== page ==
As I walk around Stockholm, there is little sign that the Swedish capital was one of the worst-hit cities in Europe in an ongoing pandemic: restaurant tables are spaced a little further apart, and visiting the Royal Palace is an unusually relaxing experience in the absence of foreign tourists. There are markings on the floor at supermarket checkouts, and perspex screens in some taxis, but otherwise life continues as normal.
Masks are notably absent. Sweden’s unflappable chief epidemiologist Anders Tegnell has said he is unconvinced by the evidence for masks and is not even recommending them, let alone urging legislation to make them compulsory. Instead, he says, Swedes should avoid situations where they get too close to other people.
Tegnell is once again taking Sweden down a different path to most other countries. Sweden did not lock down, instead promoting voluntary measures to reduce the spread of Covid-19. Public gatherings of more than 50 people were banned, as were visits to care homes for the elderly, and home-working was encouraged; but schools, restaurants, gyms and offices remained open throughout. Many people have tried to keep their distance – most holidays this year have been taken at home, and estate agents report soaring demand for remote Swedish summer cottages – but many others have used their freedom to carry on regardless.
Critics, both at home and abroad, were outraged by the strategy. Tegnell was accused of sacrificing the country’s elderly and vulnerable to achieve herd immunity, but he insisted that his recommendations were more durable and better for overall public health than the yo-yo of lockdowns and reopenings elsewhere.
Six months on from Sweden’s first coronavirus death, more than 5,800 people have died – many more than in Norway, Denmark and Finland. Yet the death toll is also lower, proportionate to population, than in Britain, Spain and Italy, all of which have had lockdowns. Predictions that Sweden’s strategy could lead to intensive care being overwhelmed or that up to 80,000 people would die by early July were wrong by an order of magnitude. The number of confirmed cases started falling at the end of June, and kept declining through July, while in Norway and Denmark the rate has been creeping up. The number of people dying of coronavirus in Sweden peaked in April with 115 deaths in a day, and was in single digits per day by August.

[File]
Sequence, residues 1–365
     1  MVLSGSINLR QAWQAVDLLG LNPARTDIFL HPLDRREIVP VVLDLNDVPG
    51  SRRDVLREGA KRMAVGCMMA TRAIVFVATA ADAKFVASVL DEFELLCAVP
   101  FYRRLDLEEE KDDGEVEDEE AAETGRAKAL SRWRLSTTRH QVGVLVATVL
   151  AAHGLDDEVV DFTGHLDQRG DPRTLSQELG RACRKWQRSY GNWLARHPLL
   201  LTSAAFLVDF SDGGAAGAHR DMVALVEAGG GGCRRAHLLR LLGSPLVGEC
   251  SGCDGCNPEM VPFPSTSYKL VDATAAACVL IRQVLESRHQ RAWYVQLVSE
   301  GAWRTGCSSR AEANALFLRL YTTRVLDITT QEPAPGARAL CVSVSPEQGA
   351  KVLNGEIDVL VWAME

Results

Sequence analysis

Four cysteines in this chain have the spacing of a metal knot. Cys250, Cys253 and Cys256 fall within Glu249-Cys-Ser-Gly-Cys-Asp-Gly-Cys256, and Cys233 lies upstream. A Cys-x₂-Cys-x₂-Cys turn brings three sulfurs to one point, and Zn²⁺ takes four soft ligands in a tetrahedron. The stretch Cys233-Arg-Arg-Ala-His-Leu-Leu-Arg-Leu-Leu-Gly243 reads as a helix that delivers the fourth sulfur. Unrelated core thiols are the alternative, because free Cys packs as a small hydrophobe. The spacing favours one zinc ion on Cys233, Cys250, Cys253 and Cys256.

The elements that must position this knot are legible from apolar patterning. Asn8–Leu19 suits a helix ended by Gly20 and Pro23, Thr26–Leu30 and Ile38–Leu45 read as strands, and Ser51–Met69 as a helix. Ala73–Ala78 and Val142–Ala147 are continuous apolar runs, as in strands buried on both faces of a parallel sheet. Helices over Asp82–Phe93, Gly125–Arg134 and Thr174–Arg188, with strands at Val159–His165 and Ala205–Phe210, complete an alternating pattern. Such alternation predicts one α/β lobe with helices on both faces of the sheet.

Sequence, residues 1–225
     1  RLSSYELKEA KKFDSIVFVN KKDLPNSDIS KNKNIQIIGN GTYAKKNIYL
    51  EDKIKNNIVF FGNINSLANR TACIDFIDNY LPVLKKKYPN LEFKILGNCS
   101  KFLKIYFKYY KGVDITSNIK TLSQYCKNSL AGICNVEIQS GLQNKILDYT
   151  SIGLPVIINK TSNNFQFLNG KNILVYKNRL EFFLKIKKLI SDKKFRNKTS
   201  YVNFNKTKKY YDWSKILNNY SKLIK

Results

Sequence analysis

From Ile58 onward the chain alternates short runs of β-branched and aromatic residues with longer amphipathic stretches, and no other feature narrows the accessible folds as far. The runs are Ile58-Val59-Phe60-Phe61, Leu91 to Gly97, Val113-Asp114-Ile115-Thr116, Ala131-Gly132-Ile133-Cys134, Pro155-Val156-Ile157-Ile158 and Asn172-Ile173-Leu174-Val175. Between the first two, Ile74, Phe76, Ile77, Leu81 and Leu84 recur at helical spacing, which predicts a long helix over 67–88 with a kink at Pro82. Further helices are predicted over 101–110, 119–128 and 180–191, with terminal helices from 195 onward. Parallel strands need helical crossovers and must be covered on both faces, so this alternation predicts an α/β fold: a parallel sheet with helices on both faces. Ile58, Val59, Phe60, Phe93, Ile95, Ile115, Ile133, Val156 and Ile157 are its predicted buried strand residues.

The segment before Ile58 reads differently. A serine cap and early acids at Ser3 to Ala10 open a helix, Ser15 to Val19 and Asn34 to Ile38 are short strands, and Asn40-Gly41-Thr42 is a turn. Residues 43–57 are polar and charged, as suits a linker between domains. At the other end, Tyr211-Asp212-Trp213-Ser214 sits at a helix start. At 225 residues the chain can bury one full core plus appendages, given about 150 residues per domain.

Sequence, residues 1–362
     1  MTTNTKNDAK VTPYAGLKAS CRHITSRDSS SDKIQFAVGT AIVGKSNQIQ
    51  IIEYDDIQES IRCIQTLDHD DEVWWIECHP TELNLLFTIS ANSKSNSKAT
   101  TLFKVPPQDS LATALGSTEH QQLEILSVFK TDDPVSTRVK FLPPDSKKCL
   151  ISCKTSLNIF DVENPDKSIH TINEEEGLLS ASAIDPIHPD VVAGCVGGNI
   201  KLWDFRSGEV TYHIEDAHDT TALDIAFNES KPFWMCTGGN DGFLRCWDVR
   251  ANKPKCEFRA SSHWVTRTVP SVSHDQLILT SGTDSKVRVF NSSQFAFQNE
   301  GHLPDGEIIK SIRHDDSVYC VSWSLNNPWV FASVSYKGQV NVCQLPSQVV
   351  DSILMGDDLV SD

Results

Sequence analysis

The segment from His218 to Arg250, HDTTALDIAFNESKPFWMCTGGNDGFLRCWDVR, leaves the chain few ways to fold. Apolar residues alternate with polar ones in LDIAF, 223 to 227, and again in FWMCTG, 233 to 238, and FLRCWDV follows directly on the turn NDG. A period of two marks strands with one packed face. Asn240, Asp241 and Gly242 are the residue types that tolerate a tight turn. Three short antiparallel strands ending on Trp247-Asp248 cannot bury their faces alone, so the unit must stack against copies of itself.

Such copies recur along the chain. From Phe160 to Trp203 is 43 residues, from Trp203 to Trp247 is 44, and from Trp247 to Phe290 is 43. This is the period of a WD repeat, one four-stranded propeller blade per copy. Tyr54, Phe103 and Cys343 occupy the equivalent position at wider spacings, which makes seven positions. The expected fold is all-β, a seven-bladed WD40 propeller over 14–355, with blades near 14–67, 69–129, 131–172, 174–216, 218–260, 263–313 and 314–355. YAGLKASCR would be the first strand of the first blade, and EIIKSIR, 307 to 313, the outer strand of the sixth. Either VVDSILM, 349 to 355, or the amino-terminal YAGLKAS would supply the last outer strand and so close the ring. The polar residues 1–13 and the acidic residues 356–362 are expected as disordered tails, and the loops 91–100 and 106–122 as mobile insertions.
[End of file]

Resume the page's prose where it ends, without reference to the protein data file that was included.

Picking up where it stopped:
Overall, there were slightly fewer deaths in Sweden in July than would be expected in a normal year. And while some Swedes remain furious at the authorities’ refusal to use draconian measures to fight the pandemic, many are relieved to have been spared lockdown. An Italian friend in Stockholm, who in March was frightened by Sweden’s seemingly cavalier approach, now says he is pleased he did not have to suffer the privations experienced by his family at home.
Economically, Sweden is faring better than most: its second-quarter contraction of 8.6 per cent looks almost trivial when compared to Britain’s 20.4 per cent, or the EU average of 12.1 per cent. Tegnell’s promise that Sweden’s measures would continue in the long term looks likely to be borne out: schools are open again following the summer break, but office workers have been told that they should try to work from home for the rest of the year. While Norway has started allowing theatres to open for audiences of up to 200 and Finland for unlimited numbers, a 50-person limit remains in place in Sweden, though the government is considering raising it to 500 later in the autumn.
The question now is what happens as the short, warm Swedish summer gives way to the bracing autumn. Will infections spike as people return from their remote summer cabins and begin using public transport again or return to school? Or will the Swedish model show that it is well-suited to fighting a drawn-out pandemic?
This article appears in the 16 Sep 2020 issue of the New Statesman, Planet Covid